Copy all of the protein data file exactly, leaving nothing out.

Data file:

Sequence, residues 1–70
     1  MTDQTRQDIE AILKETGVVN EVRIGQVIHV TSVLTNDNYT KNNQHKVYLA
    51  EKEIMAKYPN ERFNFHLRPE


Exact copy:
Sequence, residues 1–70
     1  MTDQTRQDIE AILKETGVVN EVRIGQVIHV TSVLTNDNYT KNNQHKVYLA
    51  EKEIMAKYPN ERFNFHLRPE